days. Subsequently, we investigated our E3d HPC protocol based
on the hypothesis that the peak neuroprotection of the last hypoxic
exposure would be reinforced by subsequent exposure to hypoxia,
thus sustaining the neuroprotective effect beyond 6 days. To our

HPC and E3d HPC after treatment of mice with either an A1R or
an A2a-specific antagonist.
The neuroprotective effect of HPC was totally abolished by the
adenosine A1 receptor antagonist DPCPX. Although the infarct
volume was significantly reduced after A2a receptor antagonist
CSC treatment in all groups, the neuroprotective effects of HPC
remained (Fig. 11). These data indicate the neuroprotective effects
of HPC result from upregulated extracellular adenosine, which
acts primarily via the A1 receptor subtype.

Discussion
HPC is a phenomenon in which advanced exposure to mild
hypoxia reduces the stroke volume produced by a subsequent
ischemic attack [4,5,6]. This phenomenon would be valuable in
protecting the brain from stroke especially in patients with high
risk of recurrent ischemic stroke. Although the beneficial effect of

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Figure 9. PPF re-established neuroprotection in E3d HPC mice
and upregulated the regional cerebral blood flow. When
delivered intraperitoneally, PPF markedly attenuated the infarct volume
and neurological deficits after E3d HPC (A, B). Dialysate adenosine
concentrations were also dramatically elevated (C). rCBF in the ischemic
region was also significantly improved during both the ischemic and
reperfusion stages (D). Data are shown as mean 6 SD; n = 6 mice in
each group; data analyzed by one-way ANOVA; *P,0.05 compared to
the control.
doi:10.1371/journal.pone.0057065.g009

Figure 8. E3d HPC-induced reduction of extracellular adenosine levels were totally reversed by ENT1 inhibitor NBTI. After
the last hypoxic exposure, animals received either CD73 inhibitor
(AOPCP) or ENT1 inhibitor (NBTI) through the microdialysis infusate.
AOPCP blocked the elevation of extracellular adenosine levels induced
by HPC or E6d HPC (A), while NBTI totally reversed the E3d HPC-induced
extracellular adenosine reduction (B). Data are shown as mean 6 SD;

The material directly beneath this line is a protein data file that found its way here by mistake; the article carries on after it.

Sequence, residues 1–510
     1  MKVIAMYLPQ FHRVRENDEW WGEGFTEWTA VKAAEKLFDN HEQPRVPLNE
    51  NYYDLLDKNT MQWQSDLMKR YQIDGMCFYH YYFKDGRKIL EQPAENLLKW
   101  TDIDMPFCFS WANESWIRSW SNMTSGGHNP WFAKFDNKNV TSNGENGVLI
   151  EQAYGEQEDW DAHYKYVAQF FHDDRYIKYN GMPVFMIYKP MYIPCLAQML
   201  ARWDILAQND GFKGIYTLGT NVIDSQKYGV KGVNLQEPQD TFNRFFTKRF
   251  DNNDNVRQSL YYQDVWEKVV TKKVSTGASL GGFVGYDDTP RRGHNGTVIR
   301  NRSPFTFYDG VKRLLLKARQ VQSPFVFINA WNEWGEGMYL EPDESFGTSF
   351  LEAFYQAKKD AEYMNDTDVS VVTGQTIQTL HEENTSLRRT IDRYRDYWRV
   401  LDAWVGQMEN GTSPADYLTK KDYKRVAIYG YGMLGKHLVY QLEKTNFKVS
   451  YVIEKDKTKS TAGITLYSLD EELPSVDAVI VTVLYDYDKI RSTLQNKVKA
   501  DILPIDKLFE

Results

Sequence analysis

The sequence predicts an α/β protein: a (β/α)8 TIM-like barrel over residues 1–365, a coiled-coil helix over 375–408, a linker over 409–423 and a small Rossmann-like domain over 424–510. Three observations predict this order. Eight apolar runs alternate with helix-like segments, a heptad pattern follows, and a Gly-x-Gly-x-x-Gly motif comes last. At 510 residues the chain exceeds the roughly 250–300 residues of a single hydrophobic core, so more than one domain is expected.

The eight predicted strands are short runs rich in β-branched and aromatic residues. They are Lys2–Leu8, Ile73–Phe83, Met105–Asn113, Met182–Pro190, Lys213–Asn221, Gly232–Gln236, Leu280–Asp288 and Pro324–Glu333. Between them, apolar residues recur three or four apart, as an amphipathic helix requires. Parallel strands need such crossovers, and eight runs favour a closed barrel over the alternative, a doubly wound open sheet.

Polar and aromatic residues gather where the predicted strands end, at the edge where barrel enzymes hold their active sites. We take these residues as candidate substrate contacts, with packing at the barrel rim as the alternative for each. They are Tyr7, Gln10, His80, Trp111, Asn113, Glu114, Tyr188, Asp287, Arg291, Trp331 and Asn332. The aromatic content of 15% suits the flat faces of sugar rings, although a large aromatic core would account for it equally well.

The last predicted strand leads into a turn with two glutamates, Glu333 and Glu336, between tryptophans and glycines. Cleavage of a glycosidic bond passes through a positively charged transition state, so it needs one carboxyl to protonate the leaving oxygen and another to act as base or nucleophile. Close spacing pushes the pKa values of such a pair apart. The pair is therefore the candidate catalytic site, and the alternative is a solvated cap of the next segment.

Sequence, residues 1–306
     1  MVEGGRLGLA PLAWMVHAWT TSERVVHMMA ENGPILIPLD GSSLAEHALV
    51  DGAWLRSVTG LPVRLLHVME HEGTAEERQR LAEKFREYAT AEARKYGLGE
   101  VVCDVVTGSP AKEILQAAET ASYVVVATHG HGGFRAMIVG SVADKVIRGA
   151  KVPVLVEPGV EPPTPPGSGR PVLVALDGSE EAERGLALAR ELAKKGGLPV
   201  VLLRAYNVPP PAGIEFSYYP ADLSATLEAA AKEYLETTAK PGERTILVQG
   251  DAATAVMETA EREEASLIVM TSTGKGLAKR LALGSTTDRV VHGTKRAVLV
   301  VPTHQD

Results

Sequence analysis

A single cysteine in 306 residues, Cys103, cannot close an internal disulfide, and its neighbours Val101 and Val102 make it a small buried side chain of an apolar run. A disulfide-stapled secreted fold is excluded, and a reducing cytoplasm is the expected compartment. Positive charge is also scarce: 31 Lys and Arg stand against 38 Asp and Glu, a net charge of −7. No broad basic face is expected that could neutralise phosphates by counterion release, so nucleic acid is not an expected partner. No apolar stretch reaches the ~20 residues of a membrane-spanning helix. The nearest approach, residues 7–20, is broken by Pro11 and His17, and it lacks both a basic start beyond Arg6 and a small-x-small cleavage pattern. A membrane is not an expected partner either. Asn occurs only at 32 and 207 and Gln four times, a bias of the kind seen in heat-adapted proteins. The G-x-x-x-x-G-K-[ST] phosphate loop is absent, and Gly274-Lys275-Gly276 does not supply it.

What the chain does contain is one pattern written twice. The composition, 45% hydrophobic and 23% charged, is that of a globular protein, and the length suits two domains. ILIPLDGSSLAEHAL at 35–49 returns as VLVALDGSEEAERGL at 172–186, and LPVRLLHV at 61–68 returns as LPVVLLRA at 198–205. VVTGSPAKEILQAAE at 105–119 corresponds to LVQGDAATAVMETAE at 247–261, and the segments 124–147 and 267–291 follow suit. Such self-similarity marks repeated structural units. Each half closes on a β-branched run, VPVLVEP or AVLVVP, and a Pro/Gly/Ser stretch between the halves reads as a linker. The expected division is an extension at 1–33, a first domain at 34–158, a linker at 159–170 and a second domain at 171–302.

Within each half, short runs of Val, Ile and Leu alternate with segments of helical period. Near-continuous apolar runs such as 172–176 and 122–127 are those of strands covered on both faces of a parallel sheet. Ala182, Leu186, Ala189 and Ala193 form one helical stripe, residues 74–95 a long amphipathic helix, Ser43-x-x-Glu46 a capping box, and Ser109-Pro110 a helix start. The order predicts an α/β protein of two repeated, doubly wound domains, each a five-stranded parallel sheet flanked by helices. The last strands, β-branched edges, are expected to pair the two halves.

n = 6 mice in each group; data analyzed by one-way ANOVA; * P,0.05
compared to the control.
doi:10.1371/journal.pone.0057065.g008

upregulation and loss of neuroprotection in the E3d group. This
finding supports the hypothesis that HPC may induce the
production of other potentially neuroprotective agents within the
brain. This is consistent with our observation of increased HIF
target gene expression in the absence of neuroprotection in E3d
HPC mice. Taken together, this suggests that HIF target gene
upregulation is insufficient to explain HPC-induced neuroprotection, and that other neuroprotective mechanisms must be
involved.
One such factor that may also be involved in HPC-induced
neuroprotection is extracellular adenosine. Adenosine is a purine
nucleoside which acts via four subtypes (A1, A2a, A2b, A3) of G-

surprise, E3d HPC resulted in the loss of the protective function of
HPC. This provoked our interest in exploring the underlying
molecular changes responsible for the loss of neuroprotection.
The HIFs (HIF-1 and HIF-2) are transcription factors that
orchestrate the molecular response to hypoxia. During hypoxia,
the degradation of HIFs is blocked, leading to accumulation of
these factors and upregulated transcriptional activity. HIFs targets,
including EPO and VEGF, have been shown to be neuroprotective against acute cerebral damage, and have also been implicated
in mediating the neuroprotection afforded by HPC [4,8,40,41].
For example, EPO, which is expressed in the central nervous
system, has been shown to have potent neuroprotective properties
both in vivo [42,43,44] and in vitro [44,45,46].
Given the importance of EPO and VEGF in mediating the
neuroprotective effects of HPC, we speculated that a decrease in
the expression of theses HIF-regulated genes could underlie the
loss of protection in our E3d HPC mice. Surprisingly, as in the
single HPC and E6d HPC groups, we still observed elevated
expression of HIF targets in E3d HPC mice. Specifically, the
expression level of EPO was elevated (approximately 10-fold) after
E3d HPC. This finding is consistent with previous reports of
upregulated EPO mRNA and protein levels following single
episode HPC [47,48,49]. Although there is solid evidence that
exogenously applied EPO is neuroprotective both in vitro